February 14, 2008 / 12:29 PM / 10 years ago

Canadian parties show signs of Afghan compromise

OTTAWA (Reuters) - Canada’s minority government and the main opposition party signaled their desire on Tuesday to find a compromise position on the country’s military mission in Afghanistan, easing the likelihood of an election over the divisive issue.

The ruling Conservatives have said that if Parliament does not extend the mission in the southern city of Kandahar, currently scheduled to end in February 2009, the government would fall and Canada would head into an election.

But Prime Minister Stephen Harper said on Tuesday that the opposition Liberals and the Conservatives now fundamentally agree that the 2,500 troops should stay until 2011, and both he and Liberal leader Stephane Dion talked about finding common ground.

“We are willing in good faith to explore ... if there is a common ground with our motion that may allow an agreement,” Dion said after presenting a series of proposals that would replace a government motion on the Afghan mission.

The Liberals plan would keep the troops in Afghanistan until July 2011, but they would concentrate on training Afghan forces and providing security for reconstruction and development.

The idea is to wind down the active combat mission against the Taliban, though this language was absent from the Liberal text.

The mission in Kandahar is one of the most controversial topics in domestic politics. Polls regularly show that about half of Canadians want the soldiers back on schedule.

Less than half an hour after Dion finished speaking, Harper told reporters he welcomed the Liberal Party’s ideas.

“The government’s objective is to seek common ground here so we will look at these in great detail, with the express intention of trying to find common ground,” he said.

“But I think this is a positive development and one that I think is moving the debate in the right direction.”

The Conservatives were elected with a minority of seats in the House of Commons in January 2006, defeating the Liberals.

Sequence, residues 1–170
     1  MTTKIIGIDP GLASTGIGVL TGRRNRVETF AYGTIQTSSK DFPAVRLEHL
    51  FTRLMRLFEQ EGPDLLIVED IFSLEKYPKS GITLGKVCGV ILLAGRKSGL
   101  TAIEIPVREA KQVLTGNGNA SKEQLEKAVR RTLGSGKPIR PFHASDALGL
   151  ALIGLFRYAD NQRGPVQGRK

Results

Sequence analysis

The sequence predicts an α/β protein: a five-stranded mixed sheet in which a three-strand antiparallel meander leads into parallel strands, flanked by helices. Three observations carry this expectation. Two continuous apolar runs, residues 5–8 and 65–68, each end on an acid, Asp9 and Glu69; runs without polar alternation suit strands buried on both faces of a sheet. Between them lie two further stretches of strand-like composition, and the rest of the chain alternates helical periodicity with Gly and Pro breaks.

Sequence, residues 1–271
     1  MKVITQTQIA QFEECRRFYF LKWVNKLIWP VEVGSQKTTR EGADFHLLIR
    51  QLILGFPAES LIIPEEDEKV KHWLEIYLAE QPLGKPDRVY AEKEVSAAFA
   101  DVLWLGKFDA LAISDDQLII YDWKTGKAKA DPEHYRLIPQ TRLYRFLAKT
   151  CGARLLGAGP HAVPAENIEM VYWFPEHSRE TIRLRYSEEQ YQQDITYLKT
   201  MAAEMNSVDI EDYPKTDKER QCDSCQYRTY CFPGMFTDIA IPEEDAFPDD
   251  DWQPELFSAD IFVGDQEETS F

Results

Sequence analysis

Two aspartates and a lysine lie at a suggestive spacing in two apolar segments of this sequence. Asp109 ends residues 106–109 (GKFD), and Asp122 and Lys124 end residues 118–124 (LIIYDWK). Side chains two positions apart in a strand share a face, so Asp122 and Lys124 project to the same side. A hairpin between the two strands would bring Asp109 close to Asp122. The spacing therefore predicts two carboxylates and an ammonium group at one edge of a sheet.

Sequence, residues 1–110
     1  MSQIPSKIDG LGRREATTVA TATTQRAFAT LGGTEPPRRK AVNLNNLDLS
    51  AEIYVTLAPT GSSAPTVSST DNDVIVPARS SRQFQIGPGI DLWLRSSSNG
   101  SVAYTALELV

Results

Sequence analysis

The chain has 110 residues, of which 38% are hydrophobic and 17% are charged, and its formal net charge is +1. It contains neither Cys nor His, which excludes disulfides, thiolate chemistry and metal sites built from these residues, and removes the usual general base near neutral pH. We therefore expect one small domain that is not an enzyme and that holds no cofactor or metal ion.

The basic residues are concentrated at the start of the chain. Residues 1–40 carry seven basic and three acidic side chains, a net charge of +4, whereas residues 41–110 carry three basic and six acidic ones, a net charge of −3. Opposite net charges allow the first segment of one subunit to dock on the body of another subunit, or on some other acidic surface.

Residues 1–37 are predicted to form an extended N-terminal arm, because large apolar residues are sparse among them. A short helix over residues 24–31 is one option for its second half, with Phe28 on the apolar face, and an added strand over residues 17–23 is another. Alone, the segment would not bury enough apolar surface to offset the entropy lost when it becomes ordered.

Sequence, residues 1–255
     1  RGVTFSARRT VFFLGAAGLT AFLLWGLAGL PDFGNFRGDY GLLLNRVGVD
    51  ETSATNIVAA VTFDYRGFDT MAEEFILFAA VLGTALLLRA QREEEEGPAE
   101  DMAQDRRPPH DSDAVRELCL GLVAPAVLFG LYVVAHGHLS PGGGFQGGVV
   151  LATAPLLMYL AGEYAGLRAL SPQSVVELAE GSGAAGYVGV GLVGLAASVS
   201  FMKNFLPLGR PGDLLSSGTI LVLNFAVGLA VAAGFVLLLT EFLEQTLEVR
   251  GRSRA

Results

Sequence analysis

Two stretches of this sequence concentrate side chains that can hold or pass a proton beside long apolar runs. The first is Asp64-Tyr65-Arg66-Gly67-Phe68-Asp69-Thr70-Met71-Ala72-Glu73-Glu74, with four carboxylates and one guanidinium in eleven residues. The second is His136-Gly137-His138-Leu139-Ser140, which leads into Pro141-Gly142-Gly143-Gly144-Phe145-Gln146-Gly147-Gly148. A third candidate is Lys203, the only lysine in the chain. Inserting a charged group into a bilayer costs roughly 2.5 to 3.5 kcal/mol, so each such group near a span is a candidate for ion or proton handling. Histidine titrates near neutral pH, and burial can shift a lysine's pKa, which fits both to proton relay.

They say they would like to govern until the fixed election date of October 2009, but they have set a series of confidence votes for the next several weeks -- over a crime bill, Afghanistan and the budget -- which could force an election before then.

The Conservatives, who need the support of at least one opposition party in the House to pass legislation, survived one confidence test on Tuesday afternoon, a motion urging the Liberal-dominated Senate to pass a crime bill by March 1.

Justice Minister Rob Nicholson said that if the Senate does not pass the legislation by then, he would recommend that Harper treat this as a matter of confidence too. The motion is not binding on the appointed Senate.

Polls show the most likely result of an election now would be another fragile minority Conservative government, though some polls have suggested the Liberals could win a minority.

Among remaining differences between the two parties is that the Conservatives had not wanted to decree an end to Canada’s military engagement in 2011, while the Liberals want 2011 to be a firm deadline to prevent a “never-ending” war.

The Conservatives and Liberals agree that the soldiers should stay only if the NATO alliance sends more troops to Kandahar and if Canada is able to secure medium-lift helicopters as well as unmanned aerial vehicles.

Editing by Rob Wilson

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